Festivals are a fabulous vehicle for training singers, not so much for the competitive element, although it is lovely to achieve wins when you feel you have worked hard and presented well.
Performing is a stressful business at any level; added to which, competing and singing alongside others of wide-ranging experience and vocal qualities - and all levels of confidence and platform manner - is a complex, instructive but very helpful process.
Many festivals this year, like Cheltenham, have had to be cancelled.
Indeed yesterday would have been the final day at Cheltenham this year, with choirs and singers travelling from all over the UK to perform and compete.
However, plans are in formation for the 2021 Festival, as I write.
I loved the repertoire which I had taken - I was an alto with evolving mezzo register - and particularly enjoyed songs which offered lyricism and richness of vocal expression.
Then, as now, I loved Bach, show songs, jazz, Chansons, Lieder and folk arrangements as much as each other.
My continuing love of Fauré had started in my teens and I still perform that repertoire now.
At such a stage, the best you might hope for would be safe passage through a song and fair concealments of nerves! A reasonable mark and a helpful adjudication are bonuses and not at the top of a singer’s mind.
I was blessed with both - and the person who opened that platform experience for me was Alison.
She was so kind, informed, sensitive and positively constructive that, despite the nerves, it was an activity I was keen to repeat. She ‘got‘ me, she ‘got’ my sound quality and she also ‘got’ everyone in the class.
Positivity in such a situation and at such a stage of a singer’s life is powerful.
It is a rare skill to juggle assessment, suggestion and encouragement and, at the same time, give technical input without diminishing a singer’s confidence.
So when I found Alison’s comment sheets and my certificates from the Festival, it reminded me how helpful that experience had been and how I had hoped always to be that useful to my students, by informing and encouraging at the same time.
Later on, I was often able to send my own students off to festivals where they would be adjudicated by Alison and they all came back fired up and enthused, having had the same experience.
So I thank Alison from the bottom of my heart for that handshake early on in my journey. It was valuable beyond words.
That evening, I returned to prepare for a recital the next day in my benefice - accompanied by my dear friend and neighbour, Judith.
Again, this was another first and a lovely chance to showcase the lighter end of my repertoire, although Fauré did still feature - he often does!
The lovely hall in which I sang is the one where lines of my students have subsequently performed in workshops, to prepare them for their imminent performing careers.
17th. May, 2014 was another treat - a chance to sing the Bach Magnificat with my dear friend from university, David Ogden, on this occasion performing as alto soloist for his wonderful City of Bristol Choir, at the beautiful St. George's, Bristol.
Such a special work and it marked a special phase in my singing life.
So May offers up another fantastic day for good memories, good thoughts today and good plans for next year.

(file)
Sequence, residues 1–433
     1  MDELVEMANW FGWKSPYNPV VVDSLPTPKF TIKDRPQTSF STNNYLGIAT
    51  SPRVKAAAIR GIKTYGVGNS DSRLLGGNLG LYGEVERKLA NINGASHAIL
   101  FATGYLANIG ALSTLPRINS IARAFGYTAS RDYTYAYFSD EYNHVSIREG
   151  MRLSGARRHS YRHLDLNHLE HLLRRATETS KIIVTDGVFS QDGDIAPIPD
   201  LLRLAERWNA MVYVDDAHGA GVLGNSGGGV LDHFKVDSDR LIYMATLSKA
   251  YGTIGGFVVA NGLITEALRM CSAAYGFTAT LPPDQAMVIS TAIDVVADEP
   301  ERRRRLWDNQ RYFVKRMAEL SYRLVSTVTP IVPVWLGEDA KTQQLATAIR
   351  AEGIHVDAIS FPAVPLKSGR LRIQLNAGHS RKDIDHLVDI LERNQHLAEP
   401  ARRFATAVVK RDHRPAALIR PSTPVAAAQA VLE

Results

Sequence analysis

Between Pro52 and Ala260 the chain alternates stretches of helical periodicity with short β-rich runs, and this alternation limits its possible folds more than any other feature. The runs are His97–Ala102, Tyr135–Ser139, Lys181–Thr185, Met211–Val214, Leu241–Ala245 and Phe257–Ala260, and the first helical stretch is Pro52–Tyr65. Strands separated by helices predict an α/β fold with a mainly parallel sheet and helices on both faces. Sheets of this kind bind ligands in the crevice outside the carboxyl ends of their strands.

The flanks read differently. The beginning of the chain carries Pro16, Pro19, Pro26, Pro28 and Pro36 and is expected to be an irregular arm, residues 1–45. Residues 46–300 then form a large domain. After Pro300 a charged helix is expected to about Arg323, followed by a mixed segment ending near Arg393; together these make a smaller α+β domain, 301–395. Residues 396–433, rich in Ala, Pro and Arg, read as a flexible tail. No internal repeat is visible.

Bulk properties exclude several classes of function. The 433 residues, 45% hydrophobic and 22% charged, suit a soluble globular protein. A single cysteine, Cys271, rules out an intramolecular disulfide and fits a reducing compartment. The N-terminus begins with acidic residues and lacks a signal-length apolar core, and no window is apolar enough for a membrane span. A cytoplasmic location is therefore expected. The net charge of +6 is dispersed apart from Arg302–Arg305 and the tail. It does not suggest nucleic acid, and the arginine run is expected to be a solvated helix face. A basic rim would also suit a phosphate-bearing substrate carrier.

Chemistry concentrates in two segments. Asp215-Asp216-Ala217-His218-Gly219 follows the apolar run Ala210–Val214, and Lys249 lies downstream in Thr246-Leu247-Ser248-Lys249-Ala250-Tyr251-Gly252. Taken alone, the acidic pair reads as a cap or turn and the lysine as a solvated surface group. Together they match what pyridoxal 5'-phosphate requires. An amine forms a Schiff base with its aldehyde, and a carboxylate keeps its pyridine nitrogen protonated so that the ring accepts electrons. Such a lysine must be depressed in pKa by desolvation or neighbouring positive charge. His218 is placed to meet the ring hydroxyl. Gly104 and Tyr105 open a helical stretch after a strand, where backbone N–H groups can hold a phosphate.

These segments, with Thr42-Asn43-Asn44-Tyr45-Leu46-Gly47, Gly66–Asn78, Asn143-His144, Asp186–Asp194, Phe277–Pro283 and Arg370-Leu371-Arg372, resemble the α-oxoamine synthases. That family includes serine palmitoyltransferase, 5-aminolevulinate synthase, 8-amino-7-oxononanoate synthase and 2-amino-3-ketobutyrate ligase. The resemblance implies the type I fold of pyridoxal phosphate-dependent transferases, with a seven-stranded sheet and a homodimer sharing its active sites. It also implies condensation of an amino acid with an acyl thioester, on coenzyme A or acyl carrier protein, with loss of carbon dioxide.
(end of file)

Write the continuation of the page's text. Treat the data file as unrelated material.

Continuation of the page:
It is a month full of promises.
- 15th. May, 2020 -
Worth bearing in mind when times are challenging!
- 13th. May, 2020 -
2020 Vision for Singers
Two eyes - or two ‘I’s
It occurred to me that those people who do not have music as their profession will, understandably, not have a fair grasp of the vast changes which have occurred in this realm, for singers and musicians.
Apart from some facility for remote recordings and platforms to hear those recordings, all live interactions were asked to be stopped.
That means instantly: all group rehearsing, all teaching, all choir sessions, all conducting, all stage work, all backstage work, all shared tea breaks, all meetings, all practising, all commercial standard recording, all headshots, all styling for headshots, all workshops, all auditions, all costume fitting and music library services;
all work on posture, alignment and blending of voices;
all weekly waves to caretakers and door-holding for the group before you;
all shared cake for birthdays and 30-signature get-well cards.
For sole-living and often older singers who are frequent choir singers, that means, at the moment, the end of shared group emotional expression, the shared giggle, the sense of people that you get not just from touch but simply from knowing that they are sharing with you a room and an activity - and an activity which is the most fundamental to every creature on this planet at least.
You can make noise on your own but we are fired by the sounds around us - sound of every kind but usually initiated by human activity.
Peace is beautiful and healing.
But instant imposed isolation and the ensuing extended silence is not a healing state of mind. So, singers/people (the same) have had to heal their souls with a remote version of this soundscape.
Beyond this, for aspirational performers who want to give their world their expressive skills through singing and acting, the curtain instantly fell on their preparation, their planning and their very necessary means to start to voice their place in the world. And miraculous as technology has been in the light of these circumstances, it can never replace the shared energy of free-moving and free-thinking people.
But there will be probably more need than ever, afterwards, to express this experience in every possible creative and artistic way.
The value of that work will be immeasurable.
So there will be a potent rôle for those developing and gifted emerging performers to shine a light on the legacy of this experience.